Photos: Cheryl Corley/NPR
Tacarra Morgan lives in a big two-story, A-frame house that sits next to an empty, grassy corner lot in the 6000 block of South Paulina on Chicago's South Side.
On a sunny afternoon earlier in July, gunfire broke out while the 6-year-old sat on the porch with her grandmother and her mother, Carolyn Morris.
"All l I know, bullets starting coming from that way. I didn't see who was shooting," Morris says. "I didn't see anything and my daughter is so strong, I didn't even know she was shot."
They all ran in the house; all Tacarra said was that her stomach hurt, her mother recalls.
"I raised her shirt," says Morris, "her stomach was gushing out nothing but her intestines."
This year, shootings have been on the rise in several cities across the country; at least 370 children in the United States — 12 years old or younger — have been harmed or killed by gunfire so far this year, according to the non-profit Gun Violence Archive, which collects gun violence data daily.
Accidents like kids playing with guns, and domestic disputes, often cause the injury and deaths of young children.
But in Chicago this summer, it's a different worry. Although many shell-shocked neighborhoods on the city's South and West sides typically expect an increase during the summer, a spike in street shootings in the city — more than 2,000 so far this year — has alarmed residents and made gun violence even more of a threat for youngsters.
Since the beginning of the year, at least 15 children in the city, age 12 and under, have been wounded unintentionally by bullets, says Andrew Holmes, a community activist in Chicago, says.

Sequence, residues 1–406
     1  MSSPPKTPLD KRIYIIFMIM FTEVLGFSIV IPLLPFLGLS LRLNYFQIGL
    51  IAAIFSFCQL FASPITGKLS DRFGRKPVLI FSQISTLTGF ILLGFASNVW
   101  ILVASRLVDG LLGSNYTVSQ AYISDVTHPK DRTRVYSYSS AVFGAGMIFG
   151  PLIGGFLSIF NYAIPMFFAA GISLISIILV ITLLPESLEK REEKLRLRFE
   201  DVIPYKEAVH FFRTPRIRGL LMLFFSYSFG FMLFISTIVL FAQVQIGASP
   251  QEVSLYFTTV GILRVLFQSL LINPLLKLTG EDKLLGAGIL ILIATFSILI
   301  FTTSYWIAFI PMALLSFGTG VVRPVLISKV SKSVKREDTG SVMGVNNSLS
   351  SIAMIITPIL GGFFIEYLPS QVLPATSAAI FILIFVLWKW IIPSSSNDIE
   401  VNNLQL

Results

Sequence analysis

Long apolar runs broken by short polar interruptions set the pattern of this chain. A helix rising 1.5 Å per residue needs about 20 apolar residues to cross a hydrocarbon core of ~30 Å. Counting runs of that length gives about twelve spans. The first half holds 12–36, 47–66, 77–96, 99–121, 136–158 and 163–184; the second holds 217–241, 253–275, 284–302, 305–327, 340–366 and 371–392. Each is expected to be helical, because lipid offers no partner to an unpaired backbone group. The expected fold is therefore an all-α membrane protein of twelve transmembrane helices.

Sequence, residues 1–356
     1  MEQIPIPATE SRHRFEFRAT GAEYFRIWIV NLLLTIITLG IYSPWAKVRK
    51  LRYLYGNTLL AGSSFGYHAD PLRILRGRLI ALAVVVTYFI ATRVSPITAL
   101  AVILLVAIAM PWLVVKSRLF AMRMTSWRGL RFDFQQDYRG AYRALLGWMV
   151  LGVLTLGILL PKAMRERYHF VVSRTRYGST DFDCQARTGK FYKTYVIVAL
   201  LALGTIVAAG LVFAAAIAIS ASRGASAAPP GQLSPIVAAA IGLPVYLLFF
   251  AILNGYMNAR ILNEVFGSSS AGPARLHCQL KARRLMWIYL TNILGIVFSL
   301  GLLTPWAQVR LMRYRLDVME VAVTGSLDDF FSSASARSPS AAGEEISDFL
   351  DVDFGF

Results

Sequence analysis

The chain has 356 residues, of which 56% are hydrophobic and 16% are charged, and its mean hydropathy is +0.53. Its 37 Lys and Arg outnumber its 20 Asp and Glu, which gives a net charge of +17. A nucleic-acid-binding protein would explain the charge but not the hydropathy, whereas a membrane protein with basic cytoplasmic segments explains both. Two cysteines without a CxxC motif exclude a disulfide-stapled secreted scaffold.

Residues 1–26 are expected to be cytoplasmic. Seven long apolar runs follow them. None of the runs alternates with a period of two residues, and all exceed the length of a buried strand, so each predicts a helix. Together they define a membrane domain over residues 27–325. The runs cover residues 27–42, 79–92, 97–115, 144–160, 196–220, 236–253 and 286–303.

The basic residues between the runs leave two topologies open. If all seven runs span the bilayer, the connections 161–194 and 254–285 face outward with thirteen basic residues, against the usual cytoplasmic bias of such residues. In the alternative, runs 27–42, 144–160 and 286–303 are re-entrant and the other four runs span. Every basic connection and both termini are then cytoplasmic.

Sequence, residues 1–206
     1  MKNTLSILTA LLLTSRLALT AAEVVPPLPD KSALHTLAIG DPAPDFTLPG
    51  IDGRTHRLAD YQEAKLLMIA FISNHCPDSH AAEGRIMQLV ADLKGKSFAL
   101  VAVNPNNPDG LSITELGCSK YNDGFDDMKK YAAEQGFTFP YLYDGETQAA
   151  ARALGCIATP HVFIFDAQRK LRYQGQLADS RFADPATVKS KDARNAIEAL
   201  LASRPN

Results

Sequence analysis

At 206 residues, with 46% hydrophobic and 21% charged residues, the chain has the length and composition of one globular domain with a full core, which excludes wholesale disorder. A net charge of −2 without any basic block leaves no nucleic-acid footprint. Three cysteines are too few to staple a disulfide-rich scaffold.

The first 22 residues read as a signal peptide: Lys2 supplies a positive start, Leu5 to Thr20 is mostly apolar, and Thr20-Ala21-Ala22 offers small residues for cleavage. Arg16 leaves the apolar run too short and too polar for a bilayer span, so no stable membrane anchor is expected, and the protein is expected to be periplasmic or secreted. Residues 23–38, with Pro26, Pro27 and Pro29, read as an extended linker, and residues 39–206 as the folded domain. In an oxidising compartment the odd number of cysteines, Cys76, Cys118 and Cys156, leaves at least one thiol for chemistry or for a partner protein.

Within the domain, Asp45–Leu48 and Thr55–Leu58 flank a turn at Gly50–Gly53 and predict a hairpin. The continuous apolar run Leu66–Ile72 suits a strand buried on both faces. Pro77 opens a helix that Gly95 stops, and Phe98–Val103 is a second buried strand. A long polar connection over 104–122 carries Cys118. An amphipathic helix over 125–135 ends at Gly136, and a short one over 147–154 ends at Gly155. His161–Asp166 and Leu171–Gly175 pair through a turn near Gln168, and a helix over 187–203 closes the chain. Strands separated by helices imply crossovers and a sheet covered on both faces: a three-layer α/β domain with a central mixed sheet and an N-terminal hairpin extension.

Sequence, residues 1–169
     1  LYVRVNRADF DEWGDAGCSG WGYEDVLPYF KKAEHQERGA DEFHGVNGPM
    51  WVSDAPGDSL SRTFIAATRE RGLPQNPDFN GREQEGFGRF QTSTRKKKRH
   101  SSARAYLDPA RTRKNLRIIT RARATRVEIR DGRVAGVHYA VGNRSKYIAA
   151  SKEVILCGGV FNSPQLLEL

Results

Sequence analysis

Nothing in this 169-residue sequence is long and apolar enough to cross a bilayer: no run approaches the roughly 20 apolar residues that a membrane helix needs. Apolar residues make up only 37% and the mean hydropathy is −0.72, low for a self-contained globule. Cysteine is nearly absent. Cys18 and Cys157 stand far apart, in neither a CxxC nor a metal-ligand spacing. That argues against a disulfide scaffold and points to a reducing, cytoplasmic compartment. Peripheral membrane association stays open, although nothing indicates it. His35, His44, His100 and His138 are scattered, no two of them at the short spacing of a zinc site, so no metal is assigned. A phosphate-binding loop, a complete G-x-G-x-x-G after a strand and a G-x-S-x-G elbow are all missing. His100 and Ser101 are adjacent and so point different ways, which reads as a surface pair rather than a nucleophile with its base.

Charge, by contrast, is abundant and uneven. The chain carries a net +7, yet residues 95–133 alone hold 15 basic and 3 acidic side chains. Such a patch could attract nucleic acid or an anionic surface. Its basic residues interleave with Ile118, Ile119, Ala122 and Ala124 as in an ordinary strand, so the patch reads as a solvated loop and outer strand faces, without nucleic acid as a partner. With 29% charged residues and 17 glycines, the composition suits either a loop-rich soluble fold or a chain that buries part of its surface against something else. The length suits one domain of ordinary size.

He rattles off the incidents: They started Feb. 11, when a young child was shot at 3700 West Chicago. Two days later, a 2-year-old was shot at West 64th. The list of incidents in which gunfire harmed young children goes on.
Parents: What To Say, How To Protect Children
The day after Tacarra Morgan was injured, Chicago police set up folding chairs in the intersection not far from the little girl's house, and residents gather for the "Operation Wake-up" police and community rally.
On a table, there are brochures and sign-up sheets for anyone interested in organizing block clubs or mentoring.
Police coordinator Glenn Brooks, microphone in hand, speaks first.
"What is the most important thing to do today?" he asks.
Those who gathered for the meeting shout in approval as Brooks says the answer is to sign up and get organized.
"If we don't get organized," says Brooks, "there is another child that will get shot."
Raymond Lopez, a Chicago alderman, echoes the plea for residents to get involved.
"When I came here the other day, 44 bullets laid on this street," Lopez said. "This is an atrocity that is repeated daily in our communities and it has to stop."
Aleta Clark, a 26-year-old community activist, agrees. Wearing a T-shirt with the slogan "Hugs not slugs," Clark brought her two children and several other kids from the neighborhood to make them aware of what they're up against.
Clark says she want them to see things outside their comfort zone — to see that bad things are happening to kids like them.
"That's why I work so hard to keep them safe, to keep them happy," she says. "So this type of thing don't happen to them."
Clark also voiced her frustration at what she considers a code of silence over the shootings that occur in the neighborhood.
"If it was a cop that did it, this whole neighborhood would be a bunch of angry African-Americans," she then asks the crowd, "When are we gonna start holding our own people accountable?"
Another parent, Keith Kysel, says he's had the hard conversation with his 7-year-old daughter Harmony.
"I have to tell her sometimes at the park, 'It's time to go,' because we see certain people in the park that might become targets, and we don't want to be in the way," he says, then telling his daughter, "We just have to be careful."
Harmony, however, just wants to be a kid.
"I should be able to go outside and ride my bike to the park and do activities," she says. "Not be scared and go back into the house because somebody is doing something bad."
Keith Kysel says he and other parents are just trying to prevent what they hope is not becoming a "new normal" for young children in their neighborhood.